KEY POINTS

  • The world's largest pharmaceutical companies have turned down proposals for work on pathogens like the coronavirus three years ago
  • The plans were aimed at speeding up development and approval of vaccines initially put forward by European commission representatives 
  • The commission's proposal to "facilitate the development and regulatory approval of vaccines" was not taken up by the pharmaceutical companies on the IMI

The world’s leading drug companies reportedly shunned proposals for vaccines that combat pathogens like the coronavirus a couple of years ago.

An EU proposal in 2017 that aimed to fast-track vaccines for viral pathogens, including that of the coronavirus, was reportedly rejected by the world’s largest pharmaceutical firms, The Guardian reported.

With hopes to speed up the development and approval of these vaccines, the plan was initiated by European commission representatives which sit on the Innovative Medicines Initiative (IMI) — a public-private partnership that works to catalyze the competitive situation of the European Union in pharmaceutical research while aimed at removing research bottlenecks in the drug development process.

It was said that industry partners within the body had rejected the proffered vaccine proposals amid the commission’s prior scheme that focused on combating viral-like pathogens.

The argument had initially stated that the research could help “facilitate the development and regulatory approval of vaccines against priority pathogens, to the extent possible before an actual outbreak occurs.” However, despite the commission’s timely promise, IMI’s pharmaceutical companies snubbed the proposition.

According to The Guardian, the point of controversy was revealed in a published report by Brussels-based research center the Corporate Observatory Europe (COE), which examines the decisions made by the IMI and has a budget of €5 billion ($5.4 billion), solely comprised of EU funding and in-kind contributions from both private and other sectors.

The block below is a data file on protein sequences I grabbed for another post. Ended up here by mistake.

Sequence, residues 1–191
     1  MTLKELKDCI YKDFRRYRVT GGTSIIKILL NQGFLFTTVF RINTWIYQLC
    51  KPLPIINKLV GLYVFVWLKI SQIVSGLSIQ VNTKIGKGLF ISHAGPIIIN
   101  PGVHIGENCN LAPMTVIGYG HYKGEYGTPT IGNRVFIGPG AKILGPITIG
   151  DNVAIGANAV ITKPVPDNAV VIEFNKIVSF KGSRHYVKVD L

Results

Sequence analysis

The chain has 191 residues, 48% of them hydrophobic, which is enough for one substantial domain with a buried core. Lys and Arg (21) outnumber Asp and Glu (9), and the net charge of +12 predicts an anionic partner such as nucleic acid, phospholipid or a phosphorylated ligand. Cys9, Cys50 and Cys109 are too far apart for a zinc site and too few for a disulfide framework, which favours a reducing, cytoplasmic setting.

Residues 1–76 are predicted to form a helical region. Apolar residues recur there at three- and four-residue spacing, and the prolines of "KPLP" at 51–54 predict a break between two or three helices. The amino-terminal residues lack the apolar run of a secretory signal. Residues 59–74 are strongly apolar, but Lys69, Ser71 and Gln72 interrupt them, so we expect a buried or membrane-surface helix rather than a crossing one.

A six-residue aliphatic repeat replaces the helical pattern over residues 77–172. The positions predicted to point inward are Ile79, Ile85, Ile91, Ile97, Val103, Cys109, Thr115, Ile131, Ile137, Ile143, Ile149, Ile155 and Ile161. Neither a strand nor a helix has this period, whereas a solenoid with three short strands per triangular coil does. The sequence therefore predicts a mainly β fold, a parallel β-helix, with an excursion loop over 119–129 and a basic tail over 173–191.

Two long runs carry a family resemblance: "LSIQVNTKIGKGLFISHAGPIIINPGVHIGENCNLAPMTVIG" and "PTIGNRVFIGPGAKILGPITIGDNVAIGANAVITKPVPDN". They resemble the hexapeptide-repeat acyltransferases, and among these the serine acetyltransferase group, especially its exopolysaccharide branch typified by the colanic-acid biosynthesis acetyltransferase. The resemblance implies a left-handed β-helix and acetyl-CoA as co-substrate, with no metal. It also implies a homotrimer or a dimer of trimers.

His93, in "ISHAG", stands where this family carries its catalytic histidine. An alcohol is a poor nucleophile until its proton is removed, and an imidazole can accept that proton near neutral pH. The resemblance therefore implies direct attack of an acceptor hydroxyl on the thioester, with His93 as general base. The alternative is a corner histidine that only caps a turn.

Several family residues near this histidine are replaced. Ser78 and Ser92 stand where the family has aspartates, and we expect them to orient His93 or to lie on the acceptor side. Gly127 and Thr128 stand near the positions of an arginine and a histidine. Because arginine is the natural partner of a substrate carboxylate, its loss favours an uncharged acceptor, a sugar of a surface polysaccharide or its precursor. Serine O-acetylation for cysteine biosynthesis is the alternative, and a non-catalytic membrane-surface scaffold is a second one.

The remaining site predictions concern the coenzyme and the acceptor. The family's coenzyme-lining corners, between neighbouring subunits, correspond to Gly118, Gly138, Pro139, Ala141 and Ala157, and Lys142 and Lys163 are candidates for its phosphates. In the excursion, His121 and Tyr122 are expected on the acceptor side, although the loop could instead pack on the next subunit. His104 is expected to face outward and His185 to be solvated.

Meanwhile, IMI’s board is governed by commission officials and representatives of the European Federation of Pharmaceutical Industries (EFPIA), whose members include GlaxoSmithKline, Novartis, Pfizer, Lilly and Johnson & Johnson — many of the big names that consist the sector.

The world’s 20 largest pharmaceutical companies have managed to engage in 400 new research projects in the past year, according to a report by Bloomberg Intelligence. Compared with 65 on infectious diseases, around half of the research were focused on treating cancer.

Eight potential vaccines are reportedly undergoing clinical trials, though there is still no guarantee for success. Among these vaccines is also a favorable tryout currently being developed at Oxford University. But unfortunately, it is said that the trial will only have a 50% chance to be approved for use.

Furthermore, based on the COE’s report, rather than “compensating for market failures” by speeding up the development of innovative medicines, the IMI has been “more about business-as-usual market priorities.”

Considering these accounts, the slew of accusations in recent weeks frankly reflects the global lack of preparedness for the coronavirus pandemic, The Guardian noted. Treatments for infectious diseases— which the pharmaceutical industry has missed to prioritize— also led to the sector’s tumult all because such remedies are less profitable than chronic medical conditions.

More than 100 vaccines for COVID-19 are in the works globally More than 100 vaccines for COVID-19 are in the works globally Photo: AFP / WANG ZHAO